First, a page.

Churches that follow a liturgical calendar have entered into the Easter season, which will last until The Feast of Pentecost. These churches follow the pattern that evolved into the seasons of Lent and Easter. Lent began as several weeks of preparation for baptisms at Easter. The season of Easter started as the following period in which the “mysteries” of what it means to be a Christian were more fully and directly explained to the newly baptized. This process of explanation through participation was called the mystagogia. The term is gradually returning to the Christian vocabulary because more and more people are not baptized until they are adults, and fewer and fewer adults have been raised with knowledge of the Christian faith in any real depth.

Most people in our society seem to think they understand the gospel, when in actuality, very few have more than a vague notion about God and religion in general, covered over with a sentimental veneer of teaching of, or about, that really really good man Jesus. Once something about the unique gospel captures such a person and Christian truth leads them to baptism into the community and union with Christ, we usually find that learning about the depth of the faith has only begun.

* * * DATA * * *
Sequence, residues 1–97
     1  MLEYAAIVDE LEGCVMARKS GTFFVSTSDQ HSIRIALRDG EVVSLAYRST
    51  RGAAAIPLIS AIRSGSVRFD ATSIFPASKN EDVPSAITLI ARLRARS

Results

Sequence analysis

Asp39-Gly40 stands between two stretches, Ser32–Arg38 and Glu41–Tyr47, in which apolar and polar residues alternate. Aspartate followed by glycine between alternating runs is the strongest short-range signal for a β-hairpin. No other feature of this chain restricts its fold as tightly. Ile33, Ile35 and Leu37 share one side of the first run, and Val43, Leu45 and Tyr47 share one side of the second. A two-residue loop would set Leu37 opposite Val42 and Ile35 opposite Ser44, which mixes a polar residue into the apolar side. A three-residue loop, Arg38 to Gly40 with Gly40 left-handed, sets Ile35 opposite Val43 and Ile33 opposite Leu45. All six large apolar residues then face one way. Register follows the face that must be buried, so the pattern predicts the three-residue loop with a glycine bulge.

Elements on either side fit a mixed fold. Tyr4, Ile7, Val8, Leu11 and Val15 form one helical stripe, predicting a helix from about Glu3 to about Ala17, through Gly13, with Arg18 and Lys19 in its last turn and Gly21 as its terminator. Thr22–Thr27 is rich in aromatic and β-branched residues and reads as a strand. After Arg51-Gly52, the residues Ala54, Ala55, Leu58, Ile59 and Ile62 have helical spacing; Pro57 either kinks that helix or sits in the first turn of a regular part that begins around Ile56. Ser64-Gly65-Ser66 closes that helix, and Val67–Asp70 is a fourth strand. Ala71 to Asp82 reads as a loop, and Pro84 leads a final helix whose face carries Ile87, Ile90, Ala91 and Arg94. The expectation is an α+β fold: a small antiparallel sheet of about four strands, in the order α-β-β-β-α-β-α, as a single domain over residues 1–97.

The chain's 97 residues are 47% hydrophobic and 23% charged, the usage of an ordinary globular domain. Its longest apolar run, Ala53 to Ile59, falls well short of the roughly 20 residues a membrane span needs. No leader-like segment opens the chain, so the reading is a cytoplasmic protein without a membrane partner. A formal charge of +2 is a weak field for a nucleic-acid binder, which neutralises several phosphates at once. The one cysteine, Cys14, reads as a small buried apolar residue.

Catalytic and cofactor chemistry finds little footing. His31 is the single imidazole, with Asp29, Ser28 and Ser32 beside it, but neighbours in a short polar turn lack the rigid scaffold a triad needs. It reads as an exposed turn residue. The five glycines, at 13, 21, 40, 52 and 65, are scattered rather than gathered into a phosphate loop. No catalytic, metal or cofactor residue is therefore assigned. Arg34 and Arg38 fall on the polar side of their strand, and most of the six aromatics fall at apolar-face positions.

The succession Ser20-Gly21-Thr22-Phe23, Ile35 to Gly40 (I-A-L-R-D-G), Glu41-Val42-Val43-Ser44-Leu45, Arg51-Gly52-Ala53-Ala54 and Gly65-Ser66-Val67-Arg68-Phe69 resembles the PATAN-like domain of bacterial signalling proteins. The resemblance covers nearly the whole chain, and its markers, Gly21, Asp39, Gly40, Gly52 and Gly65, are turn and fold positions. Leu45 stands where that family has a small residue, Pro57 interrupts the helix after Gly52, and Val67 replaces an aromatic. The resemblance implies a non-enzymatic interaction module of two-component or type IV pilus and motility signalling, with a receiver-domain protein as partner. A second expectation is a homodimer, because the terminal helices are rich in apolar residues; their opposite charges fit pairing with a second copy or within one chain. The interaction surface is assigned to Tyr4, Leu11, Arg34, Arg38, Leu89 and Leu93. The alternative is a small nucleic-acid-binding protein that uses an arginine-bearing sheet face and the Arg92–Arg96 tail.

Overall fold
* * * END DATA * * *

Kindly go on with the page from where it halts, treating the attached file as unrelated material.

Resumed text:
The church is therefore rediscovering the tools and models that worked so well in the earliest period, when most new Christians had been raised in the pagan religions of antiquity. (Some are even rediscovering use of “the catechumenate.”) We, like the early church, need to offer new Christians the opportunity to enter into a deeper and more mature understanding of the faith they have embraced.

At the Threshold will be using the weeks following to examine the Christian faith in light of what took place in a small worship society in New Orleans this Easter. First, we should introduce this society and what they are exploring. Read More…


It has been famously said that Western society today has a strong Christian memory. That is, in our secularized society most people come out of a Christian tradition and assume they understand the Gospel. This has produced a popular form of Christian belief in which most people believe they know what the Gospel has to say to even the deepest and most profound questions.

But on examination most of it turns out to be as accurate and as self-shaped as a memory. The church itself finds that it can more easily sell its story and its institution if it adapts to these popularized versions.

George Zimmerman (right) leaves the Seminole County Jail after posting a million-dollar bond on July 6, 2012. Photo by Roberto Gonzalez/Getty Images

Two recent examples hit me like a slap in the face, one very public and one sincerely offered to a community seeking an appropriately Christian way to grieve and heal.

God’s plan in the shooting of Trayvon Martin?

George Zimmerman declares that the Shooting of Trayvon Martin Was Part of “God’s Plan.” George 
George Zimmerman maintained that he acted in self-defense and that the events that led to Trayvon Martin’s death were part of “God’s plan.”

“I’m not a racist and I’m not a murderer,” Zimmerman said. He offered an apology to Martin’s parents, saying, “I pray for them daily” and that he’d like to talk to them about what happened. But, he said, he didn’t want to second-guess anything that happened that evening. “I feel that it was all God’s plan,” he said.  Read More…